Purple Martins

ATTRACTING PURPLE MARTINS
….Compliments of Wild Birds Forever

Purple martins aren’t purple at all. They’re glossy deep blue, almost black with a forked tail. Early native Americans prized the purple martin and offered houses for them in the form of hollowed out gourds.

Martins are beautiful, graceful, clean, interesting and beneficial birds. Their bubbling chirps and trills make them a much sought after bird. Did we tell you a single purple martin can eat thousands of mosquitoes in one day? Need more reasons to attract them to your yard? O.K., O.K. you’re a tough crowd! Here’s another reason, purple martins seem to enjoy being around people and most are dependent upon humans for their shelter.

Range and Habitat

Purple Martins can be found in just about every state in the U.S. except for the Great Basin area in the west. Most purple martins migrate to South America during the winter, but frequently return to the same breeding spot year after year. Purple martins prefer grassy open streamsides, river bottomlands, marshes, meadows and large forest openings close to lakes and pools.

Feeding Preferences

Purple martins enjoy vast quantities of insects on the wing, and are much sought after for controlling annoying insects like mosquitoes. They love to eat mosquitoes, beetles, flies, dragonflies, and moths.

Attracting Purple Martins to your backyard:

  1. Purple martins are best known for their communal nesting in human built apartment houses. The best way to attract purple martins is to put up a purple martin house in your yard. Mount your martin houses 15 to 20 feet above ground, near a permanent water source for best results.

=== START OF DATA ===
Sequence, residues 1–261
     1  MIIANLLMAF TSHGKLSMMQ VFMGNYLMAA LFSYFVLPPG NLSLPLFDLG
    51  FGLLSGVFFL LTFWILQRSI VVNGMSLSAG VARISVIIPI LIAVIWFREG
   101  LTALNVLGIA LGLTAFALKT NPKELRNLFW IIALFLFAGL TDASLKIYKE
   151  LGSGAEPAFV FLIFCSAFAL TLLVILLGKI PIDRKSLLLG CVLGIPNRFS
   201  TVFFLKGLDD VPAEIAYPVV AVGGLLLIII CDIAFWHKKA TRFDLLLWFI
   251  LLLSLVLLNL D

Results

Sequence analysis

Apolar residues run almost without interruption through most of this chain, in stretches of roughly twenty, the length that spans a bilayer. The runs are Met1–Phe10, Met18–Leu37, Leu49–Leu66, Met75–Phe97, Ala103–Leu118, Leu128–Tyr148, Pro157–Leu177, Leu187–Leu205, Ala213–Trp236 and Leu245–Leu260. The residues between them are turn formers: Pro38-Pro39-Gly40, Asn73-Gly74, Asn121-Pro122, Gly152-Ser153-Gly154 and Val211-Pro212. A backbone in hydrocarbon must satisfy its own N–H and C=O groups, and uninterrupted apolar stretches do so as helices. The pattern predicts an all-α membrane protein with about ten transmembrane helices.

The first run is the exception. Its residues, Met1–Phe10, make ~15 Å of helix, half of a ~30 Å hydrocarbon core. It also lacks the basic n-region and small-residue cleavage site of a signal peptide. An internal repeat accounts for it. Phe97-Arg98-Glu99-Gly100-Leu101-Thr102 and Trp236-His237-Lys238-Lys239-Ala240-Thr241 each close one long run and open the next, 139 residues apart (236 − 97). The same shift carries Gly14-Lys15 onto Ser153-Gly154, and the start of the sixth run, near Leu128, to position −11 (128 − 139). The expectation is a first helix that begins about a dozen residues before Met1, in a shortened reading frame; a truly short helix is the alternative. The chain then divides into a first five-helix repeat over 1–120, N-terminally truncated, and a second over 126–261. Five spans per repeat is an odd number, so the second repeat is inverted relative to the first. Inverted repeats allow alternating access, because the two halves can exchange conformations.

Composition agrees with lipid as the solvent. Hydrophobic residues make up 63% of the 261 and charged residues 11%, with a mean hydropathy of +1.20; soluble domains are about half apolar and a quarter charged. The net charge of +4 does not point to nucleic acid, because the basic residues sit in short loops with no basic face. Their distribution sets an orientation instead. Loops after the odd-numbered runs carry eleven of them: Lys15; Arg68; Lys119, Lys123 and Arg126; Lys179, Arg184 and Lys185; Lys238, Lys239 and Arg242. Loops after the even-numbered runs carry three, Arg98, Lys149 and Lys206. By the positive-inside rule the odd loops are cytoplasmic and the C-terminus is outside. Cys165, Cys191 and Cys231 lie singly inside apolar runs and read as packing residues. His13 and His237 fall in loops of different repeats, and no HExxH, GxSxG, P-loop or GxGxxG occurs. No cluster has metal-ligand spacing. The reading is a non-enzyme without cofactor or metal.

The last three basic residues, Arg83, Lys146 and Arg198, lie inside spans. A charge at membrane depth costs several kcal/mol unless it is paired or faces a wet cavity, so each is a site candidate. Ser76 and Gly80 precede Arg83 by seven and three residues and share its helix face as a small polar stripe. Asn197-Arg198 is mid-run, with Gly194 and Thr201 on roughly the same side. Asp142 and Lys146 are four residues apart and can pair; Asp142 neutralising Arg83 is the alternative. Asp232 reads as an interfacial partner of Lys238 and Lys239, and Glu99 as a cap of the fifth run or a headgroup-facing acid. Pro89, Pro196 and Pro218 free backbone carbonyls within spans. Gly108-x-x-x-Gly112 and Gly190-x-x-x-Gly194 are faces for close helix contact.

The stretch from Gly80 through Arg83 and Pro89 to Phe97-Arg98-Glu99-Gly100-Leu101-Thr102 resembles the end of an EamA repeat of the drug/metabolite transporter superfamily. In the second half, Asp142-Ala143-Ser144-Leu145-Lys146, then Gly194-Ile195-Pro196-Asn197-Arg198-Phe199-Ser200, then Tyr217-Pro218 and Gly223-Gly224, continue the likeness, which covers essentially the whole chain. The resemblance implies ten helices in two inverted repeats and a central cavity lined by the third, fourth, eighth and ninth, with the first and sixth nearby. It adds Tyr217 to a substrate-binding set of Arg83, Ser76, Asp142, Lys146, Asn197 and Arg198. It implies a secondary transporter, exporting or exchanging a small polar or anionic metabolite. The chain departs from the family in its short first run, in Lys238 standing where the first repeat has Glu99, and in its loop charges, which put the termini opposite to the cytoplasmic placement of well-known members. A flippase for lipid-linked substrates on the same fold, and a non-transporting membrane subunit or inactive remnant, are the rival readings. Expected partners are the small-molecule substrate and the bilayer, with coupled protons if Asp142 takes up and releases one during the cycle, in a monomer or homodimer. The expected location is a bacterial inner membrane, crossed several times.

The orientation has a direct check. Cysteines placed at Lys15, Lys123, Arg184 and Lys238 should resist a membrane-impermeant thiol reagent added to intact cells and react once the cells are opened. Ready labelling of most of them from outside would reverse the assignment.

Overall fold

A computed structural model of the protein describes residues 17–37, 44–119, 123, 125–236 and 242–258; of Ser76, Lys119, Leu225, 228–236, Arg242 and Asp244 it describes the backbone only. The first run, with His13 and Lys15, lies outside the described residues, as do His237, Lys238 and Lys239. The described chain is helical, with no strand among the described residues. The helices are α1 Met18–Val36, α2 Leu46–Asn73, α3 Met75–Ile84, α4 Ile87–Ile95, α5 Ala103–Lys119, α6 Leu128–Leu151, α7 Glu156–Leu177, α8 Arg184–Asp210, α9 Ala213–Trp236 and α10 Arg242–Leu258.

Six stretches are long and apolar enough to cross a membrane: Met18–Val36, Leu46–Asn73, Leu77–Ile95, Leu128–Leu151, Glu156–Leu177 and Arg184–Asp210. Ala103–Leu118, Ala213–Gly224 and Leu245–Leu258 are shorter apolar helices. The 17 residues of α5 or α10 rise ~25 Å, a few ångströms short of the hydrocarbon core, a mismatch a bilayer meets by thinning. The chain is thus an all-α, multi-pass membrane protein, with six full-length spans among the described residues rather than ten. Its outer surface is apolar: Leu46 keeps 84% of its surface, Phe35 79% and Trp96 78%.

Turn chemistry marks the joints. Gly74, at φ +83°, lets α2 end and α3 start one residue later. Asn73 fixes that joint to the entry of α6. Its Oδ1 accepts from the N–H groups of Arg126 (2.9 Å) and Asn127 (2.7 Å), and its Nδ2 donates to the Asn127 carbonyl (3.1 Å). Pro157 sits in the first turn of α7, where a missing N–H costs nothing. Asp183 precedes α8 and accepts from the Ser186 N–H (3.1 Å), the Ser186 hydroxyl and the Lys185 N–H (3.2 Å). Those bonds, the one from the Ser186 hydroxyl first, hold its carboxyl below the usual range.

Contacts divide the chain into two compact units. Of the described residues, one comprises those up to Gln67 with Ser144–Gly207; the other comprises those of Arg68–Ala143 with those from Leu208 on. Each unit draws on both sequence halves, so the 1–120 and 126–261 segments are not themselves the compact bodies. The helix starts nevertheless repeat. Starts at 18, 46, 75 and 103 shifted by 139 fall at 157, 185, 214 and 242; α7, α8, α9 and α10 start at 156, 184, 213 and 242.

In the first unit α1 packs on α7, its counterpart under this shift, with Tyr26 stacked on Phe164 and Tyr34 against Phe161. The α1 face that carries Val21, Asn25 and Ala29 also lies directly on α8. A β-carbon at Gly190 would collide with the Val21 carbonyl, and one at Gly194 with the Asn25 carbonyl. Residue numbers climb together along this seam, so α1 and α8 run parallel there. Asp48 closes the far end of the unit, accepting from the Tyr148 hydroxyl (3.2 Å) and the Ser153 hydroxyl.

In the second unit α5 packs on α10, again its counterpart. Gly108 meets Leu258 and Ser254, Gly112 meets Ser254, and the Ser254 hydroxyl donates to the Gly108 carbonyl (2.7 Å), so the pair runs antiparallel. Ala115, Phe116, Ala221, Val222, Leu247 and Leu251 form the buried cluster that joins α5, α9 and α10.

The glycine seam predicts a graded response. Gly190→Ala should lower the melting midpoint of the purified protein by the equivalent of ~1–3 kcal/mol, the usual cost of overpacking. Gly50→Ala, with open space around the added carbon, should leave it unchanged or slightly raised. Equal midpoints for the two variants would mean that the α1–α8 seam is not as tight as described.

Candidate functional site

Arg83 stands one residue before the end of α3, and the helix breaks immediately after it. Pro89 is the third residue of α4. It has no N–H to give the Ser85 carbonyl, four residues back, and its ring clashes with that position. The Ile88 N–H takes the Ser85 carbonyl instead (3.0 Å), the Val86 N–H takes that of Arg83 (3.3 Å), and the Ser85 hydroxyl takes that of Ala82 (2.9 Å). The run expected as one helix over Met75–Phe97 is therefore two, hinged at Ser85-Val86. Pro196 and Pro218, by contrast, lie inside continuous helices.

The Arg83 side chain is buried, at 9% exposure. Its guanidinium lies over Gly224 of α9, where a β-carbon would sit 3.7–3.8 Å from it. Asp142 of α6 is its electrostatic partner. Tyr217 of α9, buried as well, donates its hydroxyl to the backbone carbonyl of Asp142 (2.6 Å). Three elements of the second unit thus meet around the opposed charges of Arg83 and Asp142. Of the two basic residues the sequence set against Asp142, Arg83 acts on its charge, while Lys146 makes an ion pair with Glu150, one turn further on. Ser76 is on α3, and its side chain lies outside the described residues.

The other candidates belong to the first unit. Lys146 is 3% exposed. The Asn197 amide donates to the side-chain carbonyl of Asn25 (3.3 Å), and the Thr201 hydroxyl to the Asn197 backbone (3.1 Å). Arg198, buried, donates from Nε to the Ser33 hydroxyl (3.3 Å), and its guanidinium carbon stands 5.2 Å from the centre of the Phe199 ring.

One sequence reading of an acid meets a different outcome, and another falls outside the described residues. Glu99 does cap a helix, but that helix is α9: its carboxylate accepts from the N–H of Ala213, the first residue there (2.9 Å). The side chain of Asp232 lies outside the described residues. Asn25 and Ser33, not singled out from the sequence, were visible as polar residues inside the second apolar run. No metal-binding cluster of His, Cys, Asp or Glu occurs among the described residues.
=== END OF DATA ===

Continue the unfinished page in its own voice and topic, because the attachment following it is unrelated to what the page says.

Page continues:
2. In the west, martins typically shun man made homes in favor of old woodpecker holes in dead trees. Leaving dead trees on your property, is another way to encourage natural nesting by these beneficial birds.
  3. Purple martins favor broad, open areas that offer good foraging opportunities such as marshes, bays, large rivers, swamps, meadows, pastures and farmland. Residential areas can attract martins if their housing is placed in an open area, especially near water.
  4. Ideally, you should place your martin house in the middle of a 40 to 50 foot square open area.
  5. You will increase your chances of attracting martins if their housing is placed within 100 feet of your house or other human habitation.
  6. Martins construct their nests of leaves, grass, and feathers. Consider offering a concentrated stash of these favorite nesting materials in an old suet basket. We have ready to hang nesting material if you’d rather spend more time watching them than gathering nesting materials!
  7. Martins also like mud as a nesting material. Consider providing a muddy area in your yard.
  8. Purple Martins will appreciate the extra calcium found in dried, crumbled eggshells spread out on the ground for them during the nesting season.
  9. A permanent source of fresh water is very important for purple martins as well as all birds.

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